Sometimes referred to as the "corn cob building" - the lower levels are actually a parking garage in which the rear of the cars are visible when you're further away from the building.  Apparently one car did drive off and landed in the river - however, it was part of a movie shoot

Sometimes referred to as the “corn cob building” – the lower levels are actually a parking garage in which the rear of the cars are visible when you’re further away from the building. Apparently one car did drive off and landed in the river – however, it was part of a movie shoot

This is one of the most interesting buildings in Chicago - recently built, it is the tallest building in the world that was designed by a woman architect

This is one of the most interesting buildings in Chicago – recently built, it is the tallest building in the world that was designed by a woman architect

Tom and my Dad arrive tomorrow, and we plan to head south through the city and into the Illinois River this weekend, depending on when we get a weather window.  Think sun!

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CHICAGO!!

Post #25: CHICAGO!! Day 112; August 23, 2014. On board: Paul, Jim K

“On a cold day in January 1900, a group of prominent Chicagoans gathered quietly at an earthen dam. The crowd, which started out as a few friends and trusted newspapermen, grew to about 100 as the men, trustees of the Chicago Sanitary and Ship Canal, broke through the ice and dirt separating the Mississippi and Great Lakes watersheds. They labored with dynamite, shovels, and a large dredge, keeping an eye out for the arrival of a threatened injunction from the Supreme Court. In the end, the water arrived before the litigation. They had reversed the flow of the Chicago River.”

Thus changed the course of geologic history. When the last of the glaciers retreated 10,000 years ago, the topography that they left behind had created two separate, enormous watersheds draining much of North America – the Great Lakes watershed, in which water from as far away as the Continental Divide would eventually find its way to the North Atlantic via the St. Lawrence River, and the Mississippi River Watershed, in which water from the vast midesection of America would eventually find its way to the Gulf of Mexico. By reversing the flow of the Chicago River, mankind had connected these two great watersheds which had been separate for 10,000 years. The feat was designated fifty years later by the American Society of Civil Engineers to be one of the seven modern wonders of the world. Freighters, barges, and recreational boaters could now enter the entire Great Lakes Watershed from New Orleans and vice versa – a connection which continues to move millions of tons of freight every year and is vital to the economy.  In fact, without this connection between the watersheds, the Great Loop voyage would be impossible.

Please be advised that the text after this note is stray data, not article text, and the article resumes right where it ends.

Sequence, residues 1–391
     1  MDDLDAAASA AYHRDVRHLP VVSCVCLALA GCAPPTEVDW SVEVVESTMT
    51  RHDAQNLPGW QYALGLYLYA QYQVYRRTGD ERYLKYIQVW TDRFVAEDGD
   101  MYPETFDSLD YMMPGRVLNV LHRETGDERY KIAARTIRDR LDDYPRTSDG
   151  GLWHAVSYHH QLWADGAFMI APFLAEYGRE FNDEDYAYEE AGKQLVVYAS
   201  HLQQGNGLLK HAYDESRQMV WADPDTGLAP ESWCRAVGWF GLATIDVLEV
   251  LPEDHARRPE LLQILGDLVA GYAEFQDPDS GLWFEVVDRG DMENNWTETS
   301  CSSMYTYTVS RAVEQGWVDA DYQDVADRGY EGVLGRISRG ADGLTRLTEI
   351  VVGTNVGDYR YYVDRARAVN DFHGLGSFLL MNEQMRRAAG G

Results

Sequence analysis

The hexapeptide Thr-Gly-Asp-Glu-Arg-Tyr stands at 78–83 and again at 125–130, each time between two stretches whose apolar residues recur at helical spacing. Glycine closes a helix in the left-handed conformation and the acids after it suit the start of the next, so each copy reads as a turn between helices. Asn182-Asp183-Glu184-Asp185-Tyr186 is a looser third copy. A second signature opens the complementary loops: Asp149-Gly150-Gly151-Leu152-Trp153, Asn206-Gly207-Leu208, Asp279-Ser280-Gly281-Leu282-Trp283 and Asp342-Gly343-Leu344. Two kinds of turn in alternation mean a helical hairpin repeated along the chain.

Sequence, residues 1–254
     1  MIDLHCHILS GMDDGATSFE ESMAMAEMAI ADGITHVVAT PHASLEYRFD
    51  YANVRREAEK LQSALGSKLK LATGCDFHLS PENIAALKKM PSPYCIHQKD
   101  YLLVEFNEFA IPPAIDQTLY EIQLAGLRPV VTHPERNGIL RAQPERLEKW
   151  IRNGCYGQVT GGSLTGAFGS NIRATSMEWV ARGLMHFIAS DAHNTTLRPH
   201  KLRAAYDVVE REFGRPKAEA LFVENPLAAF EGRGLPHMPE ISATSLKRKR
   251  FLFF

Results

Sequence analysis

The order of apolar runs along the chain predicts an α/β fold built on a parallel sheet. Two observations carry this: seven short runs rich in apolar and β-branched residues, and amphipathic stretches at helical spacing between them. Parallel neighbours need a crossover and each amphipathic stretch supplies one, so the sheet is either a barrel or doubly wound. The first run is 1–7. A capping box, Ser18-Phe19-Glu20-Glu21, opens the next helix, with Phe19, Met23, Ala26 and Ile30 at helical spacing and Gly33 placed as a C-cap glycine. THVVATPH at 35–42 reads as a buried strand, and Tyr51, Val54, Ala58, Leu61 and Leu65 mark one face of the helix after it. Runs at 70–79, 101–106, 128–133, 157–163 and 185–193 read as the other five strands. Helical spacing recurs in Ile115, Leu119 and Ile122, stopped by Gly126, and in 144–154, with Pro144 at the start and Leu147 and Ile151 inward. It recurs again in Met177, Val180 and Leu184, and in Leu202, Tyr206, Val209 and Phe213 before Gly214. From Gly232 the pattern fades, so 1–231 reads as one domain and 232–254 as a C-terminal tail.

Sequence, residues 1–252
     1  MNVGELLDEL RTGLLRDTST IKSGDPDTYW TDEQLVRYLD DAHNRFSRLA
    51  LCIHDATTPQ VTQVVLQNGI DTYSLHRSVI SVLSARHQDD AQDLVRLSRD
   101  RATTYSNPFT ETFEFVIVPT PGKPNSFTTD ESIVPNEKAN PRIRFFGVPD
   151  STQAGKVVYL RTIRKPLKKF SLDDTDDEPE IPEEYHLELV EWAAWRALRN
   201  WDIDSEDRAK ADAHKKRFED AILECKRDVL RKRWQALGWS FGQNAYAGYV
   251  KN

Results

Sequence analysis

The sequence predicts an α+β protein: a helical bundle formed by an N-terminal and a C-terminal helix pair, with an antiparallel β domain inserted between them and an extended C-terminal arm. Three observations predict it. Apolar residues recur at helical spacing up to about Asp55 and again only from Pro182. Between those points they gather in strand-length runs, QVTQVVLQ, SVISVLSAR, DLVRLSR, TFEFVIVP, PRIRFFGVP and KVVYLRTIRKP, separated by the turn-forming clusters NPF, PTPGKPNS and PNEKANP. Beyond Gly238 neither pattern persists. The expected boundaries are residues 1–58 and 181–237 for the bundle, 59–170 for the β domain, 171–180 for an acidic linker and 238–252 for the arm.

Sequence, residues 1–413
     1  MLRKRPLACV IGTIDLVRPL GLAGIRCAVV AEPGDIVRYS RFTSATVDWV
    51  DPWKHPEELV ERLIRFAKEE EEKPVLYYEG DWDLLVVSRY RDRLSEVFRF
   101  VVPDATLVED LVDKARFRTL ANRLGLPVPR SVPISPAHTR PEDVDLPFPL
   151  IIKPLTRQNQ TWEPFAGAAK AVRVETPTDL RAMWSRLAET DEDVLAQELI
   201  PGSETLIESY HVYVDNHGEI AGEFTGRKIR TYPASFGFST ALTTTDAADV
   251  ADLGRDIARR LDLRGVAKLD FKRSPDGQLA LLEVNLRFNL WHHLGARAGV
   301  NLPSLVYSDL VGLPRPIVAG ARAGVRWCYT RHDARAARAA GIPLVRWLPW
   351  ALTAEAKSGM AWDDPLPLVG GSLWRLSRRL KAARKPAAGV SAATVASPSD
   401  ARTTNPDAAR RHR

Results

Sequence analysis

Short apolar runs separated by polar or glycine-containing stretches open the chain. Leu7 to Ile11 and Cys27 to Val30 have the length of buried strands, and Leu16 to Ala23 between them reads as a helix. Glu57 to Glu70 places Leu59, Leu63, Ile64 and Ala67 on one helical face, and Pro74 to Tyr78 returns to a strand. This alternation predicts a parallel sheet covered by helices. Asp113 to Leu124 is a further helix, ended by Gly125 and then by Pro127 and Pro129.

However, the Law of Unintended Consequences has created a potential environmental disaster – the spread of invasive species from one watershed to the other. In 2002, an electrical barrier was constructed downstream from Chicago to stop an invasive fish, the round goby, from spreading from the Great Lakes into the Mississippi watershed. The electrical barrier was too late, however, as it was later discovered that the round goby had established itself in the Mississippi watershed three years earlier. Now a more serious threat faces the Great Lakes from the Mississippi – the Asian carp, which has been destroying aquatic ecosystems on the Mississippi for the past 10 years. The Army Corp of Engineers has undertaken a massive, years-long study (the “Great Lakes Mississippi River Interbasin Study”) to determine how to solve the problem. Potential permanent solutions range from cutting the link once and for all and thereby permanently restoring separate watersheds, to installing from one to five barriers, including a system to lift boats over the barriers. Lifting recreational boats is doable, as evidenced by the Big Chute Marine Railway on the Trent Severn Waterway, but the great challenge would be lifting large freighters and other commercial vessels. The cost has been estimated as high as $9.5 billion (we veterans of the Big Dig know how good these early estimates are….);   completion is unlikely before 2029 – by then, many people believe that temporary measures would be inadequate and the Asian Carp will have already made it into the Great Lakes with disastrous effects on boating, fishing, and recreation. Even if the waterways are separated or a barrier is constructed, there are other ways the Asian carp might get through – besides human activities, the Army Corp has identified 18 locations where floodwaters could allow carp to reach the lake. Several of those are identified as “medium risk”, meaning that an invasion is likely within 50 years.